of light playing upon the summits in the evening when all around is
sinking into obscurity.

The want of water occasions serious disadvantages to Mexico, the
rivers, compared with the extent of country, being few and unimportant.
The lakes, however, are extensive, and the Spaniards, finding that the
only manure which the land required was water, raised many hydraulic
constructions, at great cost, for purposes of irrigation, which the Mexi
cans have suffered to fall into ruin, and which will probably be allowed
to remain so. The country produces every thing that will flourish in
the torrid and temperate zones of good quality, yet so indolent are
the natives, and so regardless of all attempts at systematic agriculture,
that a single season of drought produces a famine. The rural popu
lation then go into the deserts in search of wild plants, and generally
with success. The great variety of the productions is occasioned
by the extent of the country through twenty-one degrees of latitude
and the rapidity of the slope on either side. On the east side espe
cially the climates are distinctly marked by the vegetation. " On the
ascent from Vera Cruz," says Humboldt, " climates succeed each other




GEOGRAPHICAL OUTLINE. 19

in layers, and the traveller passes in review in the course of two
days, the whole scale of vegetation from the parisitic plants of the
tropics to the pines of the arctic regions."

k S respects climate, Mexico is divided into
the tierras calientes, or hot regions, the tier-
ras templadas or temperate regions and the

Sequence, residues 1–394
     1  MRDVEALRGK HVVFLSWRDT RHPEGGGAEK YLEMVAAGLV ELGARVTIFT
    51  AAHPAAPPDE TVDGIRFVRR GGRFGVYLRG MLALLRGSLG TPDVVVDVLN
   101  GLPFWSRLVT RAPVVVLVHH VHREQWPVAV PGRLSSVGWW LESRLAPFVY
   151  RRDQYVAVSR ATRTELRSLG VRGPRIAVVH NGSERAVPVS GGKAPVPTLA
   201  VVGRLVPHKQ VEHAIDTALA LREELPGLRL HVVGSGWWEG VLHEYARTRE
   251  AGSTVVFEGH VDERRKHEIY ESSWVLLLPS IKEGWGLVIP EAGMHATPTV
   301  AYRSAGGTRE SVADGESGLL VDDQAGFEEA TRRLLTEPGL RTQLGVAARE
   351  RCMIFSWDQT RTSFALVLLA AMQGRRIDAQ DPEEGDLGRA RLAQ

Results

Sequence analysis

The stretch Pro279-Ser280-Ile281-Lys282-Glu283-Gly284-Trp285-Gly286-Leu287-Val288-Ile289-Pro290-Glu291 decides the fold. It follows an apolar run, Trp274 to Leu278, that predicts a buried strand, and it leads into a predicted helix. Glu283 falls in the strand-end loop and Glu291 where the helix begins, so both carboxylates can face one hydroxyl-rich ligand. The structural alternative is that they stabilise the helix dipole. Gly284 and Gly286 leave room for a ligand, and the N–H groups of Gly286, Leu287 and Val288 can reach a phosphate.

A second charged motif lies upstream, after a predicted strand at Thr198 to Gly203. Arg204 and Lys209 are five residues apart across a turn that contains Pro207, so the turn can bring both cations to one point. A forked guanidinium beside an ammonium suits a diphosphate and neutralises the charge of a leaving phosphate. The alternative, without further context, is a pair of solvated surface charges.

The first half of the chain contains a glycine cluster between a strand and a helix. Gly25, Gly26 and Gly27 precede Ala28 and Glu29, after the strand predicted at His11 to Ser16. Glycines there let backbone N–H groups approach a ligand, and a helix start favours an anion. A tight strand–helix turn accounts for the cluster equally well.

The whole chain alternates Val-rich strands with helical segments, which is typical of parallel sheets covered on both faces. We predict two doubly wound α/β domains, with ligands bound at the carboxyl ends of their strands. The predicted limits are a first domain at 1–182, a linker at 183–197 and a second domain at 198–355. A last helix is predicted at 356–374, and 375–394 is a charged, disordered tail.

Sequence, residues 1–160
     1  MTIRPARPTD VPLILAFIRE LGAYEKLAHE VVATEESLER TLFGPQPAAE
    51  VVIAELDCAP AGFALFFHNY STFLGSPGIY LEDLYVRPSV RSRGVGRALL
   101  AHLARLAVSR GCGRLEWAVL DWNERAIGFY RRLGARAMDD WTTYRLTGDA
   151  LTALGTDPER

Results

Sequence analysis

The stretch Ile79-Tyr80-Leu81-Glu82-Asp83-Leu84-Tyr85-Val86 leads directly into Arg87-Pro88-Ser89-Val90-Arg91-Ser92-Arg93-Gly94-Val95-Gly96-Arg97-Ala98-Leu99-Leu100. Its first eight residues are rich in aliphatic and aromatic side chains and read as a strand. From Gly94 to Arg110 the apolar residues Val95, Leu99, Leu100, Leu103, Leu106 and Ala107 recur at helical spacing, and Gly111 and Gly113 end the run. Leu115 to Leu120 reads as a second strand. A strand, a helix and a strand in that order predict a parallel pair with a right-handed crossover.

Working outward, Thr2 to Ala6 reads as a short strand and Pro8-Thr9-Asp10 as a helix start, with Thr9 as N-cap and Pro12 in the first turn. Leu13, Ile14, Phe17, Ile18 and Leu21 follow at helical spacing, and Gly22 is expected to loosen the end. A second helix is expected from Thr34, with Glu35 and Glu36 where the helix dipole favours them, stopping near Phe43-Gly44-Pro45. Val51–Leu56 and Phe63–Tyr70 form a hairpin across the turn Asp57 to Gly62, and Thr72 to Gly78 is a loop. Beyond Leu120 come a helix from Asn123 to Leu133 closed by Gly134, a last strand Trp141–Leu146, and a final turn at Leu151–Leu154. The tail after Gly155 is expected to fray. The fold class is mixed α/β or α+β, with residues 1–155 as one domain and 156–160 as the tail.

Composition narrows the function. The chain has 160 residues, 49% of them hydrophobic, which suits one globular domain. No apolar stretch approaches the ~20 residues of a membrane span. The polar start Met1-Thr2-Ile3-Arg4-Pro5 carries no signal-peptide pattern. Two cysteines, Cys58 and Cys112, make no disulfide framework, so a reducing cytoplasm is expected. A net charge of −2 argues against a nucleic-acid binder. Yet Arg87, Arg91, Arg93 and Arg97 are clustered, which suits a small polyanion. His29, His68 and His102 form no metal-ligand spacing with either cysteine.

tierras frias or cold regions. The first in
clude the low grounds on the east and west
coast, comprising on the eastern slope the
greater part of the states of Tamaulipas, Vera
Cruz, Tabasco, and the peninsula of Yucatan.
These tierras on the west are less extensive.
The mean temperature is about 77 of Fahrenheit, and the growth of
the soil consists principally of sugar, cotton, indigo, and bananas.
The winter on the east coast lasts from October to April, during
which time north or north-west winds blow with great violence for
several days together. The shores at this time are free from pesti
lence, but with the summer the unhealthy season begins, and
foreigners landing on the coast have little hope of escaping the yel
low fever. At the height of two thousand five hundred feet above
the sea, however, this scourge is almost wholly unknown.

The tierras templadas extend from two thousand five hundred to
five thousand feet of elevation, and furnish us with the Mexican oak,
and most of the fruits and grains of Europe. The cities situated in
these regions, of which Jalapa is one, are famous for their salubrity
and the inexhaustible supply of fruits. Great beauty and strength
of vegetation result from the frequent fogs and humidity of the atmo
sphere, which, however, are objectionable in other points of view.

The tierras frias include all the vast plains elevated five thousand
feet or more above the level of the sea. Here the mean temperature
is about 64 Fahrenheit, but when the height of more than eight
thousand feet is attained the climate is exceedingly disagreeable.
Near Mexico, the limit of perpetual snow is twelve thousand to fifteen
thousand feet high. In the tierras frias, the vegetation is not so
vigorous as in the lower countries, but the climate is on the whole



Online LibraryJohn FrostPictorial history of Mexico and the Mexican War : comprising an account of the ancient Aztec empire, the conquest by Cortes, Mexico under the Spaniards, the Mexican revolution, the republic, the Texan war, and the recent war with the United States → online text (page 1 of 50)